Apergis, Nicholas; Koutmos, Dimitrios; Payne, James; University of Derby; Worcester Polytechnic Institute; University of Texas, El Paso (Elsevier, 2020-07-04)
      Do we observe convergence between cryptocurrencies over time? This study explores this question with eight major cryptocurrencies in circulation and posits a framework to evaluate whether shifts in their market microstructures drive convergence. Three main findings emerge. First, convergence can emerge between cryptocurrencies with distinct technological functions and classifications. Second, market microstructure behavior drives convergence. Third, estimated transition paths show tighter convergence for half of our sampled cryptocurrencies during the time when the Chicago Board of Exchange (CBOE) introduced bitcoin futures contracts.
    • Convergence in provincial‐level South African house prices: evidence from the club convergence and clustering procedure.

      Apergis, Nicholas; Simo‐Kengne, Beatrice; Gupta, Ragan; University of Piraeus; University of Pretoria; University of Pretoria (Wiley, 2015-02-24)
      This empirical study analyzes the long run behavior of provincial house prices in South Africa based on the club convergence and clustering procedure of Phillips and Sul. Using quarterly data covering the period of 1976Q2–2012Q4, 1974Q1–2012Q4 and 1977Q3–2012Q4 for the large, medium, and small middle segments of the housing market, respectively, we test the law of one price across nine provinces. The empirical findings suggest that the nine provinces do not form a homogeneous convergence club. Unlike the small middle segment, which consists of two convergence clubs of seven and two provinces, the large and medium middle segments have three convergence clubs corresponding to three segmented independent local markets. Possible intuitive explanations for the existence of such clubs are discussed and resulting policy implications provided.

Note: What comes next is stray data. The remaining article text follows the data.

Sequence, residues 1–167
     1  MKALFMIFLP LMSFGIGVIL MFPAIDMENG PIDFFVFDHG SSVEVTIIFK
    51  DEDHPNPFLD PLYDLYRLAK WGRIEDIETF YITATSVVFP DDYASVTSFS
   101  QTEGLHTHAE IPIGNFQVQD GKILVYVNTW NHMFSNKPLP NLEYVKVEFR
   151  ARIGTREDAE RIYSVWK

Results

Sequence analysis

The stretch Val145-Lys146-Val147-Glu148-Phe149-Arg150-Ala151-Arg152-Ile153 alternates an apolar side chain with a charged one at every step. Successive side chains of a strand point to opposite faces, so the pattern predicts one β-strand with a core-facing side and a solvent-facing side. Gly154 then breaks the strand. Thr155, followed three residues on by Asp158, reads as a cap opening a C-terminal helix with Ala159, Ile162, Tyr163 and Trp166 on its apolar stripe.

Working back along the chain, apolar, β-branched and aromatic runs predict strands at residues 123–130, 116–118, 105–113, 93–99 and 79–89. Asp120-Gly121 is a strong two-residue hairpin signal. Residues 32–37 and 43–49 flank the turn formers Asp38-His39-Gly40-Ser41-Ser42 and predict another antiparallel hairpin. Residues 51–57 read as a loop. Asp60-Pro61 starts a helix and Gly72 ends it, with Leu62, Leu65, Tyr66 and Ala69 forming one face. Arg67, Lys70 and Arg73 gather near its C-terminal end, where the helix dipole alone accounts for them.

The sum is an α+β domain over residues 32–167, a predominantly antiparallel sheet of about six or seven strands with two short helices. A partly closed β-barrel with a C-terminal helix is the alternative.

• Convergence in public expenditures across EU countries: evidence from club convergence

      Apergis, Nicholas; Christou, Christina; Hassapis, Christis; University of Piraeus; University of Piraeus; University of Cyprus (Taylor & Francis, 2013-11-21)
      The goal of the present article is to investigate the degree of convergence in public expenditures for a panel of 17 European Union member countries spanning the period 1990 to 2012. We apply the methodology of Phillips and Sul (2007 Phillips, P. C. B. and Sul, D. (2007) to various categories of public expenditures to assess the existence of convergence clubs. Overall, the results do not support the hypothesis that all countries converge to a single equilibrium state in various public expenditures.